Share & Connect
In the past weeks Muslims around the world have been offended, hurt and upset as a consequence of Westerners feeling the need to stress their freedom of expression — but for what reason?
Except for a few details, the recent incidences have had remarkable similarities with something we have seen before: the short film ‘Submission‘, made in 2004 by Theo van Goghon, a Dutch film director, and Somalia-born Ayaan Hirsi and the Mohammed Cartoons incident by a Danish newspaper in 2005, which caused the Arab world to boycott Danish-produced goods like dairy products. These are just a few of the examples to be mentioned.
Most Muslims in Egypt and elsewhere in the Arab world keep their feelings to themselves and their family and friends, or express them in a peaceful way – just like many Westerners fail to comprehend the purpose of publishing that type of material, time and again. However, it seems like a controversy that we, on both sides, are forced to witness again and again which makes it valuable to investigate some potential underlying dynamics for the recent incidents.
According to Politiken.dk, a feeling exists in the Arab world of differential treatment practiced by Western Governments; examples include that Western Governments support free will except in cases where Islamic parties win elections. They fight for human rights except in countries where the oppressor is a dictator who cooperates with the Western world; Western Governments support freedom of religion, except when it concerns Islam.
Additionally, Western politicians continuously make hostile comments about Muslims and Islam. This is reinforced by my research (to be published in Arab-West Report in April 2013) on the migration of Egyptians where Muslims indicate that they feel as second class citizens in their own country next to expats living there. At the same time they feel unwelcome in Western countries such as the U.S.A. and several European countries.
So while Western countries claim they are fighting for equal rights, freedom to be whoever you are, as well as the right to control your own life, it easily comes across as the exact opposite in the countries that are the target for that fight.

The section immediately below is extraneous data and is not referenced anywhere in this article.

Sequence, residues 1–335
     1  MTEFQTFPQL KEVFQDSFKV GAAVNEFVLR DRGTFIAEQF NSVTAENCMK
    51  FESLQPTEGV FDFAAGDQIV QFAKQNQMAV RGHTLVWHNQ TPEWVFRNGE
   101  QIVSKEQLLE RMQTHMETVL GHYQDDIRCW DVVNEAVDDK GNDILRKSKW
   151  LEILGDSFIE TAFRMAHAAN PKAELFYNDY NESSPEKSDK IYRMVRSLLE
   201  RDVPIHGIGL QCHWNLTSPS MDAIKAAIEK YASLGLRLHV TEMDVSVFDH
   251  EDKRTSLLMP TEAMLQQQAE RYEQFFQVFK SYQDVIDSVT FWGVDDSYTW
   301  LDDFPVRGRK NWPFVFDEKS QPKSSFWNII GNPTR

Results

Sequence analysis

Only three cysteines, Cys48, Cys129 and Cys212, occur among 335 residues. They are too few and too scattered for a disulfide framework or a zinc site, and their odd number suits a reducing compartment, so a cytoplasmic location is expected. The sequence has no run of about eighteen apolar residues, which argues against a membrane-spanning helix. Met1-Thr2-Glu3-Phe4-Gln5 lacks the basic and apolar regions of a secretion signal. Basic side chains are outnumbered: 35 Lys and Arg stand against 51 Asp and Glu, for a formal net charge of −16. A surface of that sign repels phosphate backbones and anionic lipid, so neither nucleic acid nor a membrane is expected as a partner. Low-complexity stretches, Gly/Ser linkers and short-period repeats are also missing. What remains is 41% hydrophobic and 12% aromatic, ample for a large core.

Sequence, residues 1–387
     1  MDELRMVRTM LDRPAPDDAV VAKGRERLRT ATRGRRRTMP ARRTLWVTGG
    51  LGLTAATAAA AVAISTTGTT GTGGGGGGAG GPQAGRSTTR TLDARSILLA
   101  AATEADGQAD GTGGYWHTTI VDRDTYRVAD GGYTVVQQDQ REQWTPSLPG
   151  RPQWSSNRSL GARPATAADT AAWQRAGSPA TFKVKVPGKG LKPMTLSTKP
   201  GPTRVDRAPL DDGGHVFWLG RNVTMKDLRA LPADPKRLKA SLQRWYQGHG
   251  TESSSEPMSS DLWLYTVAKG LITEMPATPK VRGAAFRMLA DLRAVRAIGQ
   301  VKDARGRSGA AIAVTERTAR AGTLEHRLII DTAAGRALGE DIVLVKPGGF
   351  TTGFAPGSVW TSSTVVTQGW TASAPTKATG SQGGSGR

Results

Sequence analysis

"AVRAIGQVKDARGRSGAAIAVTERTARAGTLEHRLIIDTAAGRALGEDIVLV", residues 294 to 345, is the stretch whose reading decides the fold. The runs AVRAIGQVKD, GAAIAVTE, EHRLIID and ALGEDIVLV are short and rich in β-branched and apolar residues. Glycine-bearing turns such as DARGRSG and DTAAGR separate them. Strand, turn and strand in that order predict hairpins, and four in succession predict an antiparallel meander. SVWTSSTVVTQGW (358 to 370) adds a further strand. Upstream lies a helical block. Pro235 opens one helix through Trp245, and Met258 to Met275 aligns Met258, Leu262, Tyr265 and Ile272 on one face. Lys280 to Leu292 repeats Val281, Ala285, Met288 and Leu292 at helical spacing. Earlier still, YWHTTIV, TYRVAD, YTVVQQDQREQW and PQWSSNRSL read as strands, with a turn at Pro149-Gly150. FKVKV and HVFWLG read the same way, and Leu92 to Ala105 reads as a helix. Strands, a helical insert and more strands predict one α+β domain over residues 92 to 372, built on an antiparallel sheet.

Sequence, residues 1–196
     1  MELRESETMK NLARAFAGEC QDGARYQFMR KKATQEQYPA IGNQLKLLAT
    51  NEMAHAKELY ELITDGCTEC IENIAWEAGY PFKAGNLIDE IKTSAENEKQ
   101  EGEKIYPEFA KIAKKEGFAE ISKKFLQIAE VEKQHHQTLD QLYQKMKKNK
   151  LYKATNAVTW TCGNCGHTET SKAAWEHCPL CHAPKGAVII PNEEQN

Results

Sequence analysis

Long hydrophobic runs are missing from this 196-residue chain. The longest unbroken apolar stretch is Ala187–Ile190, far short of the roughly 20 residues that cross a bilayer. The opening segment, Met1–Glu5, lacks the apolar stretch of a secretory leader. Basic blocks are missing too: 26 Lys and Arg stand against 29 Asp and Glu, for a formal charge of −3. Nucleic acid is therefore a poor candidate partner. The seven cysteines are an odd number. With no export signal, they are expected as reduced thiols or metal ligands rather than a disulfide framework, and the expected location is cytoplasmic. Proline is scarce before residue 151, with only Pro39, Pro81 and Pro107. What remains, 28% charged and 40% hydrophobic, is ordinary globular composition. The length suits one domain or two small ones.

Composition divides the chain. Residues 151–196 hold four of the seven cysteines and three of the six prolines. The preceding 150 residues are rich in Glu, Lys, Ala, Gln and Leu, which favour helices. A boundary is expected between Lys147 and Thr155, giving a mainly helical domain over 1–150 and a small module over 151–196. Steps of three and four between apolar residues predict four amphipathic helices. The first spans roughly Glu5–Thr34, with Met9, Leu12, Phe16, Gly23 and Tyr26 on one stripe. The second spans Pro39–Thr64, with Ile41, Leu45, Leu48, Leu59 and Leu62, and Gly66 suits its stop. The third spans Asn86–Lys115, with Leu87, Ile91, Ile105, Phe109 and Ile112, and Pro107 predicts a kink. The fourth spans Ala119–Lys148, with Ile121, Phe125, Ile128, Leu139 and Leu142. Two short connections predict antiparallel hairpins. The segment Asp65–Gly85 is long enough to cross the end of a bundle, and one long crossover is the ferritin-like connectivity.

Politiken.dk continues that while the mentioned examples by people in the Arab World are perceived as differential treatment and interference, Western Governments understand it as isolated reactions to specific incidents. This could be related to what Charles Clay Lemert, Professor in Sociology, characterizes as ‘colonization’ in his book Sociale Forhold -En indføring i det sociologiske liv (2004), which he defines as the process where people with power and money get the idea that their theories and perspectives of the world gives them the right to take over other countries, their assets and sometimes even the soul of the native people, who rarely are in a position to defend themselves.
And it is all justified by the perception that the invasion will result in a better moral, a better political system, and in general a better way of living. But according to whom?
If the world is believed to be a social construction that only makes sense in relation to the society in which it exists, it makes sense that people around the world have not only different ways of living, but more importantly different perceptions of what ‘the better way of living’ is. No doubts that people in the Arab world are dreaming about a better world, as witnessed during the Arab Spring that last year permeated in several Arab countries. We are still, at the time of writing, witnessing how Syrians fight against the local regime, or how Palestinians continuously experience their rights to land reduced — but is this battle a cry for the Western world to free them from Islam, Islamist or Islamic values?